The winged aphids disperse freely, but their eventual disposition depends largely on wind and windbreaks, because they do not have strong powers of flight. Thus, leeward sides of hills and wind-breaks are the areas where aphids accumulate. They also are deposited more heavily on the edges of crops. Because small fields have proportionally more "edge," aphid mean density also tends to be higher in small plantings. Dispersal of up to 30 km sometimes occurs.

An excellent summary of bean aphid ecology was given by Cammell (1981). Tsitsipis and Mittler (1976) provided information on rearing aphids on both

Adult female bean aphid, wingless form.
Adult female bean aphid, winged form.

plants and artificial media. Keys for identification of bean aphid, and most other common aphids, are found in Palmer (1952) and Blackman and Eastop (1984). Stoetzel et al. (1996) published a key for cotton aphids that is also useful to distinguish bean aphid from most other common vegetable-infesting aphids.

Damage

Aphids tend to reproduce rapidly and build to high numbers on plants that are actively growing. They concentrate their feeding on young tissue and may deplete nutrients needed for plant growth. In sugar-beet, for example, bean aphid infestation decreased foliage and root weights, and sucrose yield (Capinera, 1981). Symptoms of infestation include curling of leaves and stunted plants. Studies on bean suggest that aphid feeding during the preflowering stage is more damaging than later in development (Khaemba and Ogenga-Latigo, 1985). Research from England indicates that aphid suppression is warranted when 5% of faba bean plants are infested (Bardner et al., 1978). In leafy vegetables such as celery, however, contamination of foliage with aphid bodies or honeydew is also a very important factor, as these conditions will cause crops to be rejected (Godfrey and Chaney, 1995).

Estimates of honeydew production indicate that aphids may produce up to 30-40 drops per day (Banks and Macaulay, 1964). Significant damage is, however, infrequent in North America.

Bean aphid is capable of transmitting numerous plant viruses, including many common viruses of vegetable crops. Kennedy et al. (1962) listed over 60 diseases, mostly stylet-borne viruses, transmitted by bean aphid. Although not usually considered as important a vector as many other species (Fereres et al., 1993), some work indicated that this insect was quite effective at transmitting beet yellows virus (Kirk et al., 1991).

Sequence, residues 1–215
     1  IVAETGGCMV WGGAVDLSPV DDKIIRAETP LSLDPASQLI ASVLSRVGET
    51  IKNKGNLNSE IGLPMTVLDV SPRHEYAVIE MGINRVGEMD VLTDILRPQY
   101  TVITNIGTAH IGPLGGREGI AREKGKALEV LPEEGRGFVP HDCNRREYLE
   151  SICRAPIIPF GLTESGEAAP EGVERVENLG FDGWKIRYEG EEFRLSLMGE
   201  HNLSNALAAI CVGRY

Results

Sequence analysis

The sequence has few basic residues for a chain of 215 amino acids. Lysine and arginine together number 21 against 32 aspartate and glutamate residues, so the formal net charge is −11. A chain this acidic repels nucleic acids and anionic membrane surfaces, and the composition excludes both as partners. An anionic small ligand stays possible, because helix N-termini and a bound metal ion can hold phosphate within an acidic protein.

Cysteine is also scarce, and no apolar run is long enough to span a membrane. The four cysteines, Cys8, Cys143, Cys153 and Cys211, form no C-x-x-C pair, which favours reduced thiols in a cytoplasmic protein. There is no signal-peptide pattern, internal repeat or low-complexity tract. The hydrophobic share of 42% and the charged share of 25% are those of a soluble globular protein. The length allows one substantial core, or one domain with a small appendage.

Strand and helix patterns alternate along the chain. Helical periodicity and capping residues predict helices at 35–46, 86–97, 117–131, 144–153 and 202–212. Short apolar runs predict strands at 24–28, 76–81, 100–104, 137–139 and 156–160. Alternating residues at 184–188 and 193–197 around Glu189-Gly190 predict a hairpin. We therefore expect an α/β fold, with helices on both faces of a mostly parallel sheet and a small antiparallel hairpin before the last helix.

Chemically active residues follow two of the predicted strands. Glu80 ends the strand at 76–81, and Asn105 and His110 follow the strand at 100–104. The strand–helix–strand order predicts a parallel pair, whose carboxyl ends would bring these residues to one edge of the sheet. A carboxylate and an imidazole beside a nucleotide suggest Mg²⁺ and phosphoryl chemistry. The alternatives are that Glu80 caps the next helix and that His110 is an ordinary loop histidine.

Management

  1. This species often develops very high densities, perhaps 5000 aphids per plant. Because of the difficulties in dealing with such abundance, procedures for estimating aphid density tend to avoid counting actual numbers per plant, and focus instead on counts of subsamples, determination of number of leaves infested (Banks, 1954), or length of infestation (Capinera, 1981). In England, forecasts of aphid populations are made based on densities of overwintering eggs on spindle tree. Considerable savings in insecticide use are possible in years when aphid densities are low (Way et al., 1977; Gould and Graham, 1977). Suction traps may also be used in forecasting, particularly in determining time of migration (Way et al., 1981). There does not seem to be need for such a forecasting system in North America owing to the relatively minor pest status of this insect. To monitor invasion of celery, and most likely other vegetable crops, yellow water pan traps and yellow sticky traps can be used (Godfrey and Chaney, 1995), though sticky traps should be avoided because aphids are often damaged by the adhesive making identification difficult.
  2. Insecticides are applied as foliar sprays or, for systemic insecticides, also as granules at planting time. However, use of granular materials in short-season crops such as beans is sometimes impossible, because the insecticide residue is too high at harvest time. In some crops, disruption of pollinators is a concern.

Bean aphid possesses both an alarm pheromone and a sex pheromone (Dawson et al., 1990). The alarm pheromone causes the aphid to become disturbed, and may induce it to leave the host plant. This may prove useful in inhibiting virus transmission, increasing contact with insecticide residues, or by increasing aphid exposure to predators or unsuitable environmental conditions. The sex pheromone is active only at short distances, and its use is yet to be developed.

Biological Control. Research in England has demonstrated that introduction of entomopathogenic fungi could suppress aphid abundance on beans, and increase yield (Wilding, 1981). However, Erynia neoaphidis and Neozygites fresenii fungi are effective only at high aphid densities and under cool, moist weather conditions.

Cultural Practices. Faba beans have been examined for their resistance to bean aphid, and some cultivar differ in susceptibility. This species is more susceptible, however, than more primitive Vicia species (Holt and Birch, 1984).

Border plantings of scorpion weed, Phacelia tanaceti-folia (Hydrophyllaceae), have been shown in England to enhance predation of bean aphid, and other aphid species, by flower flies (Diptera: Syrphidae). Adult flower flies require nectar for energy, and pollen for sexual maturation and egg production, with this flowering annual easily manipulated to provide these resources (Hickman and Wratten, 1996).